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Privately owned bus companies have been nervous ever since the Government started talking about devolution in the north of England. That nervousness is now more pronounced after hearing some additional details contained in the Chancellor’s Autumn Statement delivered last week. One bus company has gone so far as to suggest that devolution will result in the immediate confiscation of private assets and the elimination of routes. If true, such actions would likely harm bus driver training and employment in some areas.

As things currently stand, local municipalities have very little influence over private bus services. Private operators are regulated almost exclusively by Whitehall, which, since the 1990s, has taken a de-regulation approach that has allowed companies such as Stagecoach to flourish. Yet Stagecoach chief executive Martin Griffiths is very concerned about devolution plans.

He told the BBC: “If the chancellor’s observations are taken at face value … you’d effectively see the confiscation of some assets overnight.”

The Government plans include allowing some of the North’s city regions greater control over their own finances, including regulatory power over local bus routes. Such authority would enable them to increase the potential earning power of municipally owned bus services at the expense of private companies such as Stagecoach. Critics can easily envision some city mayors regulating private bus routes out of existence in order to gain riders for municipal buses.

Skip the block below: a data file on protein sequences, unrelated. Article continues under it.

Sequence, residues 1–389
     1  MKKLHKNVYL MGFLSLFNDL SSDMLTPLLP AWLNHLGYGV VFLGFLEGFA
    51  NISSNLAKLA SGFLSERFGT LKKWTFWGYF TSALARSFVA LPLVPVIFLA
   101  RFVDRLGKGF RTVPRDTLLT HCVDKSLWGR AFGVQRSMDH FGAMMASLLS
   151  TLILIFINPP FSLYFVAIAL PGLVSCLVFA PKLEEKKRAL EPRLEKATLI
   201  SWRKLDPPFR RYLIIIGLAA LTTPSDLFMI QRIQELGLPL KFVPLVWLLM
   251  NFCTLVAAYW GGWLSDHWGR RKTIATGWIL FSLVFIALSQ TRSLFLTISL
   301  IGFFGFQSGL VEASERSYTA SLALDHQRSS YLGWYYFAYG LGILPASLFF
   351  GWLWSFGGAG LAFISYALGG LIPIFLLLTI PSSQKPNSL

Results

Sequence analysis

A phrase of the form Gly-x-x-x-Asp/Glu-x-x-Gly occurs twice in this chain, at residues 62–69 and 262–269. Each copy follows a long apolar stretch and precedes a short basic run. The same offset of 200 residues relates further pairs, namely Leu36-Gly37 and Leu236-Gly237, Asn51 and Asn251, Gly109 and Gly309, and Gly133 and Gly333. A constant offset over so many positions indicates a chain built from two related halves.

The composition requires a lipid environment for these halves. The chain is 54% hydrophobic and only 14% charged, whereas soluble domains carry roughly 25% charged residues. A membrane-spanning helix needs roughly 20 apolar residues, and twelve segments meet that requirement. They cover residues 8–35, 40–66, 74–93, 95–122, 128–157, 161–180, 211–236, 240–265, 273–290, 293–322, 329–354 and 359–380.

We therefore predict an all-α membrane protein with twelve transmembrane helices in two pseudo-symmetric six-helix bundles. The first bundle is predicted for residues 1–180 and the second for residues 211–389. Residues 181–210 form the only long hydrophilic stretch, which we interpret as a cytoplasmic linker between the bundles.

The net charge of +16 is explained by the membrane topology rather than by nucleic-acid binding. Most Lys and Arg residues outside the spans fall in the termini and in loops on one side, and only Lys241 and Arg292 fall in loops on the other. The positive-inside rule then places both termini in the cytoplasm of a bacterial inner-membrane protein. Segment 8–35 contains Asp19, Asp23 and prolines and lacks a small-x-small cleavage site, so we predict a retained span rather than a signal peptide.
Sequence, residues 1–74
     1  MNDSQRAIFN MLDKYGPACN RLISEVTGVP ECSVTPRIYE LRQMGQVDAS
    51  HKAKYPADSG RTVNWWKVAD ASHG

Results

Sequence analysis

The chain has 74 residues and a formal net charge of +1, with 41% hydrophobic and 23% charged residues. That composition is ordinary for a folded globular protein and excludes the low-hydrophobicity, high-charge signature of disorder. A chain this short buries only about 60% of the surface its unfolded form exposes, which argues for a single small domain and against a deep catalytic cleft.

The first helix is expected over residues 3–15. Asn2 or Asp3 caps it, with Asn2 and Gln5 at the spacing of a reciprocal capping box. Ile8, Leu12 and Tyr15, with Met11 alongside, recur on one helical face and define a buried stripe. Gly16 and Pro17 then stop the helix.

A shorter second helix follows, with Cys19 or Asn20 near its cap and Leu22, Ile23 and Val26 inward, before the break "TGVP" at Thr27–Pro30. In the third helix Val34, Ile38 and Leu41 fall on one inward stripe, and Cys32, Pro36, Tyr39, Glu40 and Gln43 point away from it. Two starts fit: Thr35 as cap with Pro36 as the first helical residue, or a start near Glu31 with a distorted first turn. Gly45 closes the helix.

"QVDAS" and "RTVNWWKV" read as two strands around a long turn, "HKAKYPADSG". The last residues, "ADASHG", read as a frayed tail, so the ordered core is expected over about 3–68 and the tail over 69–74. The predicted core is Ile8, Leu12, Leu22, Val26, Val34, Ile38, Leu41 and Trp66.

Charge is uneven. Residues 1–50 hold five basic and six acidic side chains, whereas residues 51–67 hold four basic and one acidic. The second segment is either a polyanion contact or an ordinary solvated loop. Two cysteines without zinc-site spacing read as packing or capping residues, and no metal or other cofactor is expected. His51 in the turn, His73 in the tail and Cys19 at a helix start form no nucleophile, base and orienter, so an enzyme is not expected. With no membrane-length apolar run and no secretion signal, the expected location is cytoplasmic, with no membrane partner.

Proponents of the plan say it is necessary in order to make municipal bus services more competitive. They say city regions have a social responsibility to make sure municipally run buses continue to operate. Critics of the plan believe devolution will only return the affected city regions to the days before deregulation.

Industry Impact

So how does devolution affect bus driver training and employment? It comes down to simple economics. At the current time, private bus companies are doing very well all across the UK. However, if Griffith’s concerns turn out to be accurate, companies such as Stagecoach could very quickly find themselves in financial straits. That might mean fewer employment opportunities for bus drivers in the North. By the same token, it is possible some individuals would be less likely to pay for bus driver training if they believe finding a job could be more difficult.

At this point, there is not much anyone can do except sit tight and wait on the Government’s final decision. While we wait, the HGV Training Centre will continue offering bus driver training to students who want it. Our training programmes prepare students for the PCV theory test, followed by the practical skills training students need to take and pass their final road tests. Our training includes the necessary components to fulfil CPC training requirements.

Have you been considering a career as a professional bus driver? It is a great career choice offering stable employment, good pay and the opportunity to work with people. If you are ready to get started, the HGV Training Centre can enrol you in our bus driver training programme today.


BBC – https://www.bbc.com/news/uk-politics-30289913


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